George Ball: “Nothing to Lose But Our Waistlines”

Burpee 1901Many people realize that childhood obesity is a serious and growing problem, and many even ask, “But what can we do about it?” For parents, a great, big, wonderful answer is: Grow veggies! We’re looking today at a recent opinion piece in the The Wall Street Journal, written by George Ball, who urges us to make 2011 the “Year of the Vegetable.” The full disclosure here is that Ball is chairman of the W. Atlee Burpee Co. So it comes as no surprise that he speaks out in favor of vegetables. But, unlike many corporate spokespersons (who shall remain nameless in their shame), Ball has a public-spirited motive for wanting us to like his product. Because — and how rare this is — the product is actually good for us!

The Burpee name, of course, is instantly recognizable, and has been since 1876, when the seed company was founded. If there is a more authentic piece of Americana than the annual Burpee Catalogue, we don’t know what it is. In fact, the mental picture that springs to mind is a memory of Grandma settling down with a cup of tea and the latest catalogue, captivated by the possibilities, and dreaming of the garden she would plant when the weather broke.

Grandma was not alone. Over the decades, millions upon millions of gardening enthusiasts have shared the anticipatory excitement of the Burpee Catalogue pages while the wind howled, snow piled up on the windowsills, and icicles hung from the eaves. Today, of course, it’s all online, along with helpful articles like “Garden Inspiration,” “Growing Information,” and “Enjoy Your Garden.”

Ball starts out by affirming an all-too-familiar fact of modern life, that American children are suffering now from the effects of childhood obesity, and are at risk of suffering even more in the future, when poor eating habits take their toll and manifest as serious medical conditions. He quickly lists the usual suspects — too many vending machines full of junk, not enough home-cooked meals, the unwholesome propensity to throw every edible substance into the deep-fryer, and the increasingly sedentary lifestyle that so many of us, young and old, have fallen prey to. Ball says,

But whatever and whoever is to blame, it is surely not kids. We cannot expect children to make the right food choices when healthy foods are out of reach and nutrition-smart role models are not in evidence.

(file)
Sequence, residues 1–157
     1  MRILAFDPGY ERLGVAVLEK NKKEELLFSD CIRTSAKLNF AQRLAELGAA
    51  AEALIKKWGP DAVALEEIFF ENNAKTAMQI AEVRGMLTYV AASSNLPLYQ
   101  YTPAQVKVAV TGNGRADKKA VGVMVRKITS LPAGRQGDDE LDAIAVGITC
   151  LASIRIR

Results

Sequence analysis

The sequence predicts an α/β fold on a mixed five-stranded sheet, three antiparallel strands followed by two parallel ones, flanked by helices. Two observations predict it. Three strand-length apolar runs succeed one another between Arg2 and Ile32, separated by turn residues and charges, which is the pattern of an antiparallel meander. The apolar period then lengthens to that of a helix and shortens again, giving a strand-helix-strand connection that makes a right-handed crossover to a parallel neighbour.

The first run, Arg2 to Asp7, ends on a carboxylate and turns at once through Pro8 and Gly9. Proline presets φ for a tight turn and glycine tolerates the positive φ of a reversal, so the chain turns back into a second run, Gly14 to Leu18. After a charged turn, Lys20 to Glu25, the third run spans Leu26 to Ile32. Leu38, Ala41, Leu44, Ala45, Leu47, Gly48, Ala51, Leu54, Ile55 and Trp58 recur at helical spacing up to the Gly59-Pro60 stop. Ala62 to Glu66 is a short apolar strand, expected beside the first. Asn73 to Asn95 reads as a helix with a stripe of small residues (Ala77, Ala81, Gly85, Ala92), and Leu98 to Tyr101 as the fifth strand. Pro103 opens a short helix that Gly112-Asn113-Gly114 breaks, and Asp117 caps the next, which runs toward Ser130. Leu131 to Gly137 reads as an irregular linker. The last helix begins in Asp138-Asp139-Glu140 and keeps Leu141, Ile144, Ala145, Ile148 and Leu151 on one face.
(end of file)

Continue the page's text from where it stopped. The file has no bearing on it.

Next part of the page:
How does an adult become a worthy role model? By setting a good example — which many of us grownups are not doing. Ball points out that around 80% of adults, and that is nearly four out of five, scarcely let a vegetable pass through their lips. But our kids don’t have to grow up conforming to this unhealthful template, especially here in America where most of the population has access to fruit and vegetables, and a very large proportion of us are fortunate enough to have the space and the means to grow our own.

The secret is to start early. If we want our kids to “veg out,” in the nicest possible meaning of the phrase, we have to begin when they are young and vulnerable to the molding of both their minds and their palates. Ball says,

Liking vegetables is not a given: Every food other than breast milk is an acquired taste. But children can easily learn to enjoy eating their greens. It’s simply a matter of education and familiarity — as in ‘family.’ Children will happily eat squash, artichoke or broccoli, to the delight of the parents who taught them to do so.

Store-bought fruits and vegetables are better than none, of course, and one of the secrets to growing healthy children is to keep fresh produce easily available, while barring junky pseudo-foods from the home. An even better idea is to make a family project of growing real, live, natural foods. The Atlee Burpee company’s research has shown that this actually works. And you don’t even need a big backyard. Plug the word “container” into the website’s search box, and it gives back 450 results.

It’s a very unusual child who is impervious to the delight of planting a tiny seed, and watching the progress of a green living thing as it pokes out of the soil and magically adds leaves to itself while growing taller. One way to defeat childhood obesity is to help children discover the miracle of food right from the start: A little speck of matter that comes in a package and, with the right care, transforms itself into a tasty snack. As the company information page says,

Despite the invention of the radio, television, cell phone and Ipods, nothing is more amazing and powerful than the enchantment of planting a seed in soil and watching it grow. We, at Burpee, certainly did not invent it, but we have been dedicated to enabling you to share, in a very small but significant way, in the astonishing magic of nature.

When George Ball was president of the American Horticultural Society, he started up a gardening program for children, and hosted an annual symposium to show community gardeners and teachers how such programs work. He would like to see more neighborhood groups, community centers, schools, and churches involved in these efforts, as well as parents at home. One of the many things about gardening that delights him is its “deliciously bipartisan” nature. There is nothing about growing food that anyone of any political stripe could possibly object to, and plenty about it for everyone to love. And, as George Ball says, “We have nothing to lose but our waistlines.”

Your responses and feedback are welcome!

Source: “2011: The Year of the Vegetable,” The Wall Street Journal, 01/03/11
Source: “About Burpee,” Burpee.com
Screen capture of Burpee’s 1901 catalogue used under Fair Use: Reporting.

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